Next week we will return to WR as our in house video production staff (actually it's me and Patrick)highlight some cart tips to help us keep our roughs looking awesome. Have a great golfing week.

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Wednesday, November 3, 2010

Golf's drive to sustainability

Recently I had the honor to meet face to face at GCSAA's national headquarters in Lawrence, Kansas with other industry partners as part of GCSAA's (our national Superintendent's association) Environmental Committee. We have had several electronic meetings throughout 2010 in an effort to draft BMP's (best management practices) not only for the golf course, but for the entire facility and this 2 day meeting was to further discuuss our progress. I got to meet personally some industry leaders and the interaction and information overload was well worth it. Legislation is coming and our efforts are aimed at being ahead of the curve and to position programs and protocols out there for all parties to utilize. Two of the GCSAA staffers who have been instrumental in the development of the Drive to Sustainability program are featured below.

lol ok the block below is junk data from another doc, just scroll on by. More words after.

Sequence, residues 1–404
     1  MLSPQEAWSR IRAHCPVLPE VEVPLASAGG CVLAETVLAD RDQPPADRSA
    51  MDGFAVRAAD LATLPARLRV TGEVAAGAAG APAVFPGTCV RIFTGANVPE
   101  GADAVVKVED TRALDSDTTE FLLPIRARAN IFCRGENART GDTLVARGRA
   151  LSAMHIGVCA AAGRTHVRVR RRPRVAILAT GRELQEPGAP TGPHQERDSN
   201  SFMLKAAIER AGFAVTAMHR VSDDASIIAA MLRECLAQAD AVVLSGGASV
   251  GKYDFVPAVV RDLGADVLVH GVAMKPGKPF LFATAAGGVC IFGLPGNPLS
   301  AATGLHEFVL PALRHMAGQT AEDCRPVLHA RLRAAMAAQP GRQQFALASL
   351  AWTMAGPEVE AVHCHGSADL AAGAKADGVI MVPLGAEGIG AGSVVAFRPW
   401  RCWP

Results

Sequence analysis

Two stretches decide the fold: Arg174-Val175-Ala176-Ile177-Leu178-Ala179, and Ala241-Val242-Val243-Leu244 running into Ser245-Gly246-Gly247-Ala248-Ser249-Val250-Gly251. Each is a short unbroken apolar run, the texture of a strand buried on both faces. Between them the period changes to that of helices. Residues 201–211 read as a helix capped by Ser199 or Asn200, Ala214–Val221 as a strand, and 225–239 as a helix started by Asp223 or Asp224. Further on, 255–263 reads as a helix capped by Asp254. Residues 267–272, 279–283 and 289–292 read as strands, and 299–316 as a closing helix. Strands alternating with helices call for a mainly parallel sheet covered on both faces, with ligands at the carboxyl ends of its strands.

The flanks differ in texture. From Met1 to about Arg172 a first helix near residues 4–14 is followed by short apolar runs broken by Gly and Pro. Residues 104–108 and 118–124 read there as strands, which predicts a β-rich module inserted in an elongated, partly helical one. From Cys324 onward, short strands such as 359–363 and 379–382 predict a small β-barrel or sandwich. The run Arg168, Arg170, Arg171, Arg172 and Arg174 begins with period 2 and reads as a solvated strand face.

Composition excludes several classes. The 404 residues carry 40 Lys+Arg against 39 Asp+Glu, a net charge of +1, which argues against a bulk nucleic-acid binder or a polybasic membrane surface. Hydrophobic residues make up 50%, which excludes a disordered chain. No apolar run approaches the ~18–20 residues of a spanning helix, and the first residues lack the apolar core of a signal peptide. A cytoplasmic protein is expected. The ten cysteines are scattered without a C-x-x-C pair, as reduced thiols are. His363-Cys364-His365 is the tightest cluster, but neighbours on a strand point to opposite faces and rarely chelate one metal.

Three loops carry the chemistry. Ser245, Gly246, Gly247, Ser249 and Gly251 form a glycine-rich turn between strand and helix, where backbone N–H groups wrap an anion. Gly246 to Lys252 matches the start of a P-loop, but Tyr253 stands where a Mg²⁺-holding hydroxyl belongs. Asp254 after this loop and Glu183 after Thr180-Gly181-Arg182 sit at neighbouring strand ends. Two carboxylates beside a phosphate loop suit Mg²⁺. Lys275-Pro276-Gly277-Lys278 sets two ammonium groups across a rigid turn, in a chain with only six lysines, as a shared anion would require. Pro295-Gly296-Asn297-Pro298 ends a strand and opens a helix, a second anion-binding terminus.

Next week you will be back to my in house production team as we highlight some basic cart etiquette as we look to preserve the awesome playing conditions at WR.

Friday, October 29, 2010

Rollin', rollin', rollin'

In 2010 we began regularly rolling our greens at WR. We are currently rolling 3-5 times per week and we have seen a steady improvement in playability, particularly roll out and smoothness. The slight compaction that results is possibly beneficial as it maintains more moisture in the surface 2". Our use of wetting agents every month helps even out the moisture distribution through the profile and the result has been more consistent moisture levels from green to green. The following video highlights Dr Frank Rossi's take on rolling and he, along with Dr Nikolai from MSU are considered the authorities on rolling research. Enjoy.